Seven ways churches can equip the workers in their congregations


On any given Sunday, the vast majority of people sitting in the pews will be spending the majority of their week working: whether in paid work, study, volunteering in the community, and/or caring roles.

On a Sunday, how can churches better equip people for the variety of workplaces they will be in on Monday?

In my second book, Workship 2: How to Flourish at Work, I suggest there are seven things that churches can do:

1.     Ensure your sermons have application for people’s work. Sometimes it is a long time since the preacher did ordinary work, but there are some simple things to do, such as becoming more familiar with the workplace by visiting them, or by reading business websites. Another simple idea is to workshop your sermon with a mixed group from the congregation to examine what the Bible passage or topic means within their context.

2.     Ensure your planning of the service acknowledges the contexts people will find themselves in on Monday. This can be done through careful choice of songs and hymns, prayers, benediction. The sending out can be particularly powerful. One time I was at a church where at the end of the service, the pastor invited everyone to face the nearest exit from the church. On the service sheet we read together a benediction, encouraging us to be Jesus’ eyes, hands and feet wherever he placed us that week, and seeking to glorify him in everything we thought and did. It helped us refocus from inside the church, to working with God outside of church, in whatever context he has placed us.

3.     Interviews with workers. There is nothing more powerful in terms of affirmation and shaping behaviour for a church than to interview people during a service about the different work they do during the week, and how they seek to honour God through that work. I was preaching at a church where they invited up a woman who kept saying she didn’t deserve to be up front. She described a beautiful ministry of caring, including looking after her grandchildren, and cooking meals for those in need, and being available for those struggling in the wider community. As a congregation member, I was encouraged and motivated by her example.

4.     Visiting the workplace. While interviews encourage the whole church, visiting the workplace has a powerful impact on individuals. Visiting has a number of benefits: it validates the work of the individual, it increases the confidence of pastors in addressing faith–work issues, it provides opportunity to gather sermon illustrations, it is good preparation for interviews, and it helps pastors to work out training needs for congregation members.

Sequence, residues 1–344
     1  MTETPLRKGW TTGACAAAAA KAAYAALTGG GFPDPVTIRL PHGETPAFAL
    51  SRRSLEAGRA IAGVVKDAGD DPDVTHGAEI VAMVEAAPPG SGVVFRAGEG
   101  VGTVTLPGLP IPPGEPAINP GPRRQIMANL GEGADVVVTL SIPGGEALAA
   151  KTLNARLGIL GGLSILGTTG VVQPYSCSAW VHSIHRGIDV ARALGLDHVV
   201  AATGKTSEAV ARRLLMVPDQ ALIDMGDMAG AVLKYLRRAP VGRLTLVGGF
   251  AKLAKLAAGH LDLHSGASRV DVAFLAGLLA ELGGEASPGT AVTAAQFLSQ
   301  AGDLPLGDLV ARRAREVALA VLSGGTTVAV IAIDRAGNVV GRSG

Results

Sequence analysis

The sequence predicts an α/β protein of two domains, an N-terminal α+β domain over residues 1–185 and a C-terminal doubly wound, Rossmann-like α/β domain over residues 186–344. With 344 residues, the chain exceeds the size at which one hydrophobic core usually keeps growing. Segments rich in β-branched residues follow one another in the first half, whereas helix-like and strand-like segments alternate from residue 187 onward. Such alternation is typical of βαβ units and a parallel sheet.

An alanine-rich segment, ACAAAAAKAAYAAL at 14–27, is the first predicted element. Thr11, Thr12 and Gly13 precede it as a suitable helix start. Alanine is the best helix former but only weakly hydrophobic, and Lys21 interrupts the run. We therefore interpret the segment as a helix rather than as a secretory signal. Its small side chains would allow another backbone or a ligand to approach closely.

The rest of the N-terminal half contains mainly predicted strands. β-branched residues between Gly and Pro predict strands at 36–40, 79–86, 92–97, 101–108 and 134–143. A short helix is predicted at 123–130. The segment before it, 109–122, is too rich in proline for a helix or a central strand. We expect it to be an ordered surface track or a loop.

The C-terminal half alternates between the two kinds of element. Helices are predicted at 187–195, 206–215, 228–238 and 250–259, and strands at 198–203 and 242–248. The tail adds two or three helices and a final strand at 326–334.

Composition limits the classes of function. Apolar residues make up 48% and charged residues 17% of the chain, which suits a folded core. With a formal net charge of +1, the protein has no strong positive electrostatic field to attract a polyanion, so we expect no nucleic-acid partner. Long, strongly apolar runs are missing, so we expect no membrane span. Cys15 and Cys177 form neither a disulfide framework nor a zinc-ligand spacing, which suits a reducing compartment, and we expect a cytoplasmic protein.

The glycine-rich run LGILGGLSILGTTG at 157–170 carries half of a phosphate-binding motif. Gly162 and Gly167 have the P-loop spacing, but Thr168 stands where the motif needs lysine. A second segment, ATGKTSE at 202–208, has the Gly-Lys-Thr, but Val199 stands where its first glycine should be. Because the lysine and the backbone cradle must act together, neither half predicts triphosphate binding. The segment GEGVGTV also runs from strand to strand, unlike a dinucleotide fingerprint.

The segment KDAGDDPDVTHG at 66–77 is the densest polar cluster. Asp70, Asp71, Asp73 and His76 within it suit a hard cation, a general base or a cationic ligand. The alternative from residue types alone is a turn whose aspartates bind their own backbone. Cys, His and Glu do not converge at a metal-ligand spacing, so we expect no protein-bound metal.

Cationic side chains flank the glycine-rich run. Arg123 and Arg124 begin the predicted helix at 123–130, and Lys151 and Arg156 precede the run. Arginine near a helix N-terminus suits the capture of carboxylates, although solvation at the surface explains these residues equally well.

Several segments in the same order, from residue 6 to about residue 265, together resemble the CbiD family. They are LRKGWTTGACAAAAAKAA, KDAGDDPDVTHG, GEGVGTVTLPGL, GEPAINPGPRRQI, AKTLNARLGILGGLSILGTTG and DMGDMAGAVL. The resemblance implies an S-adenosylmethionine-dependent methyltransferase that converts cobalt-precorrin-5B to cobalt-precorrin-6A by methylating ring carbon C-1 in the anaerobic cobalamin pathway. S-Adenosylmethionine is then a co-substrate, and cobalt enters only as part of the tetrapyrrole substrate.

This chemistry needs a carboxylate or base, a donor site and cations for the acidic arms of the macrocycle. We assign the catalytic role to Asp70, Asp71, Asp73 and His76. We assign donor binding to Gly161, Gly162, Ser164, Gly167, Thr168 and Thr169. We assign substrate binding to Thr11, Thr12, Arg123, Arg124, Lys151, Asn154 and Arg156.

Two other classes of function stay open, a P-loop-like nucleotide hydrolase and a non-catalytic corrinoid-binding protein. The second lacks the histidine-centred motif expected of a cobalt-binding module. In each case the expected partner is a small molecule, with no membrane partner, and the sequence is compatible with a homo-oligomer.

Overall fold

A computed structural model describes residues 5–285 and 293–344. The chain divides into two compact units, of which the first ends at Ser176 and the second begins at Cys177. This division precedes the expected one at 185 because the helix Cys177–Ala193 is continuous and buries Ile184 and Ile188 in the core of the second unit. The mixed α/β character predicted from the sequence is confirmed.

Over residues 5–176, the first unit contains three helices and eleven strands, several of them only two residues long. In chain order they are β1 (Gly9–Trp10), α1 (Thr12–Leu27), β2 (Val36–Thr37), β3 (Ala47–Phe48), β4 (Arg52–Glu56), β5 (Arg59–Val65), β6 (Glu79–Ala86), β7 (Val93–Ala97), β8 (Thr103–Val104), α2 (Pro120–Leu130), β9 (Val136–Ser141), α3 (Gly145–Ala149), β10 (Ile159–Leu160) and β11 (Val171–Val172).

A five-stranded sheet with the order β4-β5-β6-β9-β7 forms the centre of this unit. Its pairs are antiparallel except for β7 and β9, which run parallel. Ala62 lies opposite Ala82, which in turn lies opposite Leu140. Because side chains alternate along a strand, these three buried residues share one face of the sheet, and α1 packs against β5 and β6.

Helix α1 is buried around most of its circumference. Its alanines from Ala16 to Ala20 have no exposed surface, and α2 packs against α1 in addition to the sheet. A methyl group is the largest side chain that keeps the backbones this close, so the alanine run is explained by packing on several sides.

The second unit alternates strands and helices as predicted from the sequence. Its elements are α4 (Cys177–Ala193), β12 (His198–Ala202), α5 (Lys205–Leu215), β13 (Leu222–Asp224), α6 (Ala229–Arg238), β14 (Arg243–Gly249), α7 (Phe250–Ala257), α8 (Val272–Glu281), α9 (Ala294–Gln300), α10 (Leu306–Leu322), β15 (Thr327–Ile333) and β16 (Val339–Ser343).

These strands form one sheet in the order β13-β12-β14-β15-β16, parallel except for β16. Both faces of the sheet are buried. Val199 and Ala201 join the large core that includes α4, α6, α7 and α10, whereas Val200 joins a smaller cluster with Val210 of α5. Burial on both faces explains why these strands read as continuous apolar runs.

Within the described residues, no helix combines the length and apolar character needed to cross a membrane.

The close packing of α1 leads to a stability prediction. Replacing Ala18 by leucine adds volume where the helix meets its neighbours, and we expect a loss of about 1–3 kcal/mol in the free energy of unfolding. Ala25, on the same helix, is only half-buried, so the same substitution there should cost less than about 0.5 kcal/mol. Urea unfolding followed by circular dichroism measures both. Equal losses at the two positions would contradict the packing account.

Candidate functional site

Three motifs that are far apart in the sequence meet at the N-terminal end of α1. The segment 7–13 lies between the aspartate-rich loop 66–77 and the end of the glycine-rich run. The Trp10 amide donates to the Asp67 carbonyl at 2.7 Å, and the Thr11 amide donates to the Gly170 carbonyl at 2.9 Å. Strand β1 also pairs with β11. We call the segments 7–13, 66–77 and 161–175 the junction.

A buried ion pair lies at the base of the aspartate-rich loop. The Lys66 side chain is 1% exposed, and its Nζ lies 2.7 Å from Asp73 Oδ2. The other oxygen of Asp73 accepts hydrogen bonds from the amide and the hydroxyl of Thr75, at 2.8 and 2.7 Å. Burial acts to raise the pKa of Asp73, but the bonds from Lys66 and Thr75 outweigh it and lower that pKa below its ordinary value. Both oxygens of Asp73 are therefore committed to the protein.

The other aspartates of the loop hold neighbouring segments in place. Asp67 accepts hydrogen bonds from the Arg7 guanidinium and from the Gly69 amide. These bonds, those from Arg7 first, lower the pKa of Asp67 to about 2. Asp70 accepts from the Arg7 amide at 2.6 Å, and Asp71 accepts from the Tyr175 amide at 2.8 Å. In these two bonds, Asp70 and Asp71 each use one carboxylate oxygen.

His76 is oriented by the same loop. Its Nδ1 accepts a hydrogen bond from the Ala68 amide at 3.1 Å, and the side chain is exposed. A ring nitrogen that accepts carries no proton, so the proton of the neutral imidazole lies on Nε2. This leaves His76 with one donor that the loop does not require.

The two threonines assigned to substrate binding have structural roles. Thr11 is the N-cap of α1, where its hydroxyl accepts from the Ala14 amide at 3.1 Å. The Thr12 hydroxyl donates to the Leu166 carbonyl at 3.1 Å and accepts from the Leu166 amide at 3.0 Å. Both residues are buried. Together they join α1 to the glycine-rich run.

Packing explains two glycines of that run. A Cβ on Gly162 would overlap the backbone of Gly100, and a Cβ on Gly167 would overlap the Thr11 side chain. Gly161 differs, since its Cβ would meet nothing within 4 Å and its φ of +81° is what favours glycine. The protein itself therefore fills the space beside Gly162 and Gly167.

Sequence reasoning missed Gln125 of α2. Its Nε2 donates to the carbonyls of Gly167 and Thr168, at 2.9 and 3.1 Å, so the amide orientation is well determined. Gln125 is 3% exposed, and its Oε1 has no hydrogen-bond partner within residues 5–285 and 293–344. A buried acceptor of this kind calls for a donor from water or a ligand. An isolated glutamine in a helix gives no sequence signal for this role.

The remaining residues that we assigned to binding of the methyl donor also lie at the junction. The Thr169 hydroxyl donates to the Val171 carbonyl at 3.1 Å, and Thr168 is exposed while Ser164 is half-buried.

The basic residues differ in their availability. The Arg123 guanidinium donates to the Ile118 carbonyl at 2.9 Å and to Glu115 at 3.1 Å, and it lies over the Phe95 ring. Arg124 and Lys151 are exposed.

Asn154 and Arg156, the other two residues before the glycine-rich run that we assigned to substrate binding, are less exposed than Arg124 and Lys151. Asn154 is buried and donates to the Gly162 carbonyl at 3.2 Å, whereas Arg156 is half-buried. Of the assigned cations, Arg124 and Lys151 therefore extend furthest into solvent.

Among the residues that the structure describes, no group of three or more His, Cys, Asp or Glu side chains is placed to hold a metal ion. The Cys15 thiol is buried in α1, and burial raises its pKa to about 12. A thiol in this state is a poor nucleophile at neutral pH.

5.     Providing training for workplace Christians. Recently a friend of mine was invited by his workplace to explain at a staff meeting the meaning of Easter. It was part of a move by that organisation to celebrate the major holidays of all religions. My friend realised that he needed help to develop a Gospel explanation that was contextualised for his workplace. Useful topics to provide training in include: a biblical foundation for work, spiritual disciplines for workplace formation, work and cultural renewal, gospel in a work context and tackling ethical issues.

6.     Mentoring workers. I know that my journey in integrating my faith into all my working has been a lifetime project. I also know that many young workers are keen to learn from my experience. I currently mentor more than 24 young women. Churches are places where mentoring could take place more effectively: there is a range of occupations and a range of generations. When Jesus commanded us to make disciples, he was encouraging us to share our lives with others to shape faith expression in every area. We just need to provide some training and invite people to take part in the program.

7.     Chaplaincy for the workplace. I am increasingly hearing of church staff taking on chaplaincy roles in a variety of workplaces: schools, emergency services, prisons and sports groups. This is a significant way of serving the community and bring compassionate truth and a ministry of presence to difficult places. There is also the possibility of helping congregation members to see themselves as informal chaplains in the workplace: looking for opportunities to care, encourage, counsel, walk alongside and advocating against injustice in the workplace.

There is so much churches can do to teach, prepare and empower their congregations to be better ambassadors for Christ in the various places where God has placed the church scattered.


Kara Martin is the author of Workship: How to use your work to worship God, and Workship 2: How to flourish at work. She is also Project Leader with Seed, and lecturer with Mary Andrews College. Kara has a particular passion for integrating our Christian faith and work, as well as helping churches connect with the workers in their congregations.